Another Austrian expat in the U.S., John von Neumann, was also pretty excited by the 356 after purchasing one from Hoffman. Neumann had his own dealership in North Hollywood, California, Competition Motors, which he had opened in 1948. Neumann raced cars, too, and helped popularize the 356 both in motorsports and through celebrity customers including James Dean. It’s probably no coincidence that Porsche maintains such a huge presence in racing to this day. If you want to sell performance cars, you should show off their performance.
The introduction of the lower-priced $2,995 Speedster in particular was a hit. That car was inspired by the 356 America Roadster that was made to fulfill Hoffman’s request for an entry-level lightweight car. That’s how important U.S. sales were to Porsche.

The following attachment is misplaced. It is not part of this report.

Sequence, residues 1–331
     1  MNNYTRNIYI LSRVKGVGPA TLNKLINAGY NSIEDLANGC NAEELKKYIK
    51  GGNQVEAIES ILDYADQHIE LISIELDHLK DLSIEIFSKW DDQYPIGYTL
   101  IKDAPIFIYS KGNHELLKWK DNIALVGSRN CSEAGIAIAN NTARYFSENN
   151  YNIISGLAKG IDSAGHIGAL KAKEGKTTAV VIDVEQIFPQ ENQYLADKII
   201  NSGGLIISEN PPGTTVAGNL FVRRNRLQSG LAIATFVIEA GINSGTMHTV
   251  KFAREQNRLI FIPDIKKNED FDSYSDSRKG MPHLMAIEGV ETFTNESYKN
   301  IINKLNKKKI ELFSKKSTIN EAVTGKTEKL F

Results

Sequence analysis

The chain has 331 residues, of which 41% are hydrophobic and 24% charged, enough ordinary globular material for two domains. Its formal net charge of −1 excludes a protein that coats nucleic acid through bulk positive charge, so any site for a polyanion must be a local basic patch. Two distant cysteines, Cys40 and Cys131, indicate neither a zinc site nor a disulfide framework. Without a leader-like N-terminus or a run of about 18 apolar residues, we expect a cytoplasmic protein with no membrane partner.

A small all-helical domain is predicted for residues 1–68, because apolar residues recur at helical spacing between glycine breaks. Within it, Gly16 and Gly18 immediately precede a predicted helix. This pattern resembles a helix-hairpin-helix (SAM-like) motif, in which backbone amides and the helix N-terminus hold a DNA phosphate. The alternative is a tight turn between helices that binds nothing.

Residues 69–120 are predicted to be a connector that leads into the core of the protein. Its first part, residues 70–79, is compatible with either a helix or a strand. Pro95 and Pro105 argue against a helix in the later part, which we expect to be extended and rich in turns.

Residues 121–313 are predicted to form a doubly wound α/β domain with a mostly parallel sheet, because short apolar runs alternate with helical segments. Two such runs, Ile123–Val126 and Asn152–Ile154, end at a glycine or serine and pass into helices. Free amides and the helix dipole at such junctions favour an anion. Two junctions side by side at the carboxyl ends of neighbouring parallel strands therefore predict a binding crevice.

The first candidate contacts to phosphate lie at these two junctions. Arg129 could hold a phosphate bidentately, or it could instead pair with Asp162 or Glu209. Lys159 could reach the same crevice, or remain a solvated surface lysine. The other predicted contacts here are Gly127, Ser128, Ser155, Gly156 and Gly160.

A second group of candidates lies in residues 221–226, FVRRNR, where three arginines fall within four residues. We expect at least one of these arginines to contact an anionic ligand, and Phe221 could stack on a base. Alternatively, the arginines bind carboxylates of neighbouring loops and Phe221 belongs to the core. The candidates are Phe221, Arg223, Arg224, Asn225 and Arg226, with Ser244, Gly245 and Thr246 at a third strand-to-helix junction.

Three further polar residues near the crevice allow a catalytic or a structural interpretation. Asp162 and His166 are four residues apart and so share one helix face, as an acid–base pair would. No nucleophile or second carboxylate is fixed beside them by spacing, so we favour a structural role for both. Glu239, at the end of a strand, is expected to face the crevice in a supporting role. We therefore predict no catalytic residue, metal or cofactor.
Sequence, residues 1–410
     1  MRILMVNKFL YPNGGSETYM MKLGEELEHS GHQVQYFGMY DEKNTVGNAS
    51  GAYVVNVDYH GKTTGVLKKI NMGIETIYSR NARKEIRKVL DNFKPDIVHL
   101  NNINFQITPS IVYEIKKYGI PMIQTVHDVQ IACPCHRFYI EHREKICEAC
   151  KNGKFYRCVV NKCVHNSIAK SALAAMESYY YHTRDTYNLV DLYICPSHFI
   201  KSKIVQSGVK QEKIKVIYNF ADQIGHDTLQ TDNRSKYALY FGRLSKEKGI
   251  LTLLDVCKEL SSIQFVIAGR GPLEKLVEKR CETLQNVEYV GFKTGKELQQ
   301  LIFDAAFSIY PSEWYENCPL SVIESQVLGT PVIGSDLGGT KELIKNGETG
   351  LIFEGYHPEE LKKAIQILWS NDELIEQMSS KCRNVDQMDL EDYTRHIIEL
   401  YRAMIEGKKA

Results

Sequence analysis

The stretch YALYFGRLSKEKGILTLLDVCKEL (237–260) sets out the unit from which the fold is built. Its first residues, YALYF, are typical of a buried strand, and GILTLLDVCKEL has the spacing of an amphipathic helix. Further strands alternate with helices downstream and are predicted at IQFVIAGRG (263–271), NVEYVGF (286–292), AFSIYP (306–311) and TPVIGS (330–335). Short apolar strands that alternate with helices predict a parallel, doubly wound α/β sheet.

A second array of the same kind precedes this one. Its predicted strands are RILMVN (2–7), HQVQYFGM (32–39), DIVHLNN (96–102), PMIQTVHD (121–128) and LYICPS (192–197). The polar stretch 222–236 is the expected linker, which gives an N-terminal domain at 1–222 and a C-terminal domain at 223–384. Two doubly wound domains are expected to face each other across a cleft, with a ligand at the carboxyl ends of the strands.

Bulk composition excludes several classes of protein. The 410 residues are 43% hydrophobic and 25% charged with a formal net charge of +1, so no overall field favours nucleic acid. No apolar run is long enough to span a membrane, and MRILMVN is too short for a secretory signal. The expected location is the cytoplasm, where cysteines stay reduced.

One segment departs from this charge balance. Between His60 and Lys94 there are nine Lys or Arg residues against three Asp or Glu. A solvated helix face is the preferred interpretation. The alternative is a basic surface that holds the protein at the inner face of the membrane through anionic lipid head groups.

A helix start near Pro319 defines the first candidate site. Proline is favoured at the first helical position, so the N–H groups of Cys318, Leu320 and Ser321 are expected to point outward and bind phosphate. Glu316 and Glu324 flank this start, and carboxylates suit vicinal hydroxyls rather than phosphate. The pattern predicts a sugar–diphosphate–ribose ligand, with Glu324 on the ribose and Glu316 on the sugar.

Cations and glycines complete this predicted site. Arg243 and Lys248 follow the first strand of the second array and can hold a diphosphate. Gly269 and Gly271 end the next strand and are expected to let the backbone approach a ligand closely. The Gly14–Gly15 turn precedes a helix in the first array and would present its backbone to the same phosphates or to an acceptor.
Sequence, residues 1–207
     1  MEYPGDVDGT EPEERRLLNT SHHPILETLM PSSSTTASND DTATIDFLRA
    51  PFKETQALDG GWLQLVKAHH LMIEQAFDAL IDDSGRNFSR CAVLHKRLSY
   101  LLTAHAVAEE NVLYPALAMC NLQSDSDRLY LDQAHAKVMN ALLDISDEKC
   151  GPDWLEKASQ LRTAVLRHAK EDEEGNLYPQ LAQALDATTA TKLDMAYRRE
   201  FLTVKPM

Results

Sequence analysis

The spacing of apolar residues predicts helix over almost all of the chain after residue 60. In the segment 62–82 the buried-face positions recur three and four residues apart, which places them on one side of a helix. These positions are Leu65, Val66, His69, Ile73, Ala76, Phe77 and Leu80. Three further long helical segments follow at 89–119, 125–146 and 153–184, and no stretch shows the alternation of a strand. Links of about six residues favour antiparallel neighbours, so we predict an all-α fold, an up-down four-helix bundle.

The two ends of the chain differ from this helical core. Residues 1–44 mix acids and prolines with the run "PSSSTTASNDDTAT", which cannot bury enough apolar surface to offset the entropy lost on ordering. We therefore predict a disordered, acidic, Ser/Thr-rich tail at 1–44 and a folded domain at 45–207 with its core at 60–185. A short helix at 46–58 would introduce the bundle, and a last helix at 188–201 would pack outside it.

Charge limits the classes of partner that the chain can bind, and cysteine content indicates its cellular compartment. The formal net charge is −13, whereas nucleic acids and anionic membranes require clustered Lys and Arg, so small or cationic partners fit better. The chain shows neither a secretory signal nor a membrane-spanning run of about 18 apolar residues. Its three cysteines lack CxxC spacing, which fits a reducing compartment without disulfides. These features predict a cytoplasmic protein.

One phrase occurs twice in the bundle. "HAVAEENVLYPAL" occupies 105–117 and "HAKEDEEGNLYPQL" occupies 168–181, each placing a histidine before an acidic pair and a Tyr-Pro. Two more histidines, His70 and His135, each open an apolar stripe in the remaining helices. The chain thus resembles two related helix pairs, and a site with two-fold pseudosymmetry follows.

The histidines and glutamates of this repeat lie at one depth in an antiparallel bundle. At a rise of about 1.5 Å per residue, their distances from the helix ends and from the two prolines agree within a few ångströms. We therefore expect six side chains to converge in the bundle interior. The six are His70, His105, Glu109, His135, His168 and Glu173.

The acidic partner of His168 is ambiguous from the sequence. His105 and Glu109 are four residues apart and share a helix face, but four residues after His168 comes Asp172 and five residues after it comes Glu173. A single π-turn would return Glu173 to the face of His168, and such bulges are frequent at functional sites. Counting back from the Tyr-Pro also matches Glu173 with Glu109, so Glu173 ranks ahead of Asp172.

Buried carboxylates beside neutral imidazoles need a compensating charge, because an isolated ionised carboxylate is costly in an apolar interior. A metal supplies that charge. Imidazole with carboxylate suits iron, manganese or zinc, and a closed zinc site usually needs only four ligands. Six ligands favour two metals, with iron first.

Hoffman eventually beat his five Porsches a week, selling 11 per week in 1954, accounting for 30 percent of Porsche’s total sales. By 1955, there was an independent U.S. distribution network, the Porsche of America Corporation, which is basically the precursor to the Porsche Cars North America entity we deal with today. In 1965—the final year of the 356—nearly three-fourths of all Porsche sales went to the United States.
Porsche still sold half of its cars in the United States in the 1990s, but a slump in sales and outdated processes meant that the company struggled financially, per Der Spiegel. After a thorough modernization and reorganization of the company that even involved bringing in consultants from Toyota, the introduction of the Porsche Boxster helped revive the brand’s popularity—and finances.
In 2003, the Cayenne widened Porsche’s appeal and became its most popular model in the U.S. for several years afterwards. It’s a Porsche that can tow a Porsche, because yo dawg, they heard we liked Porsches.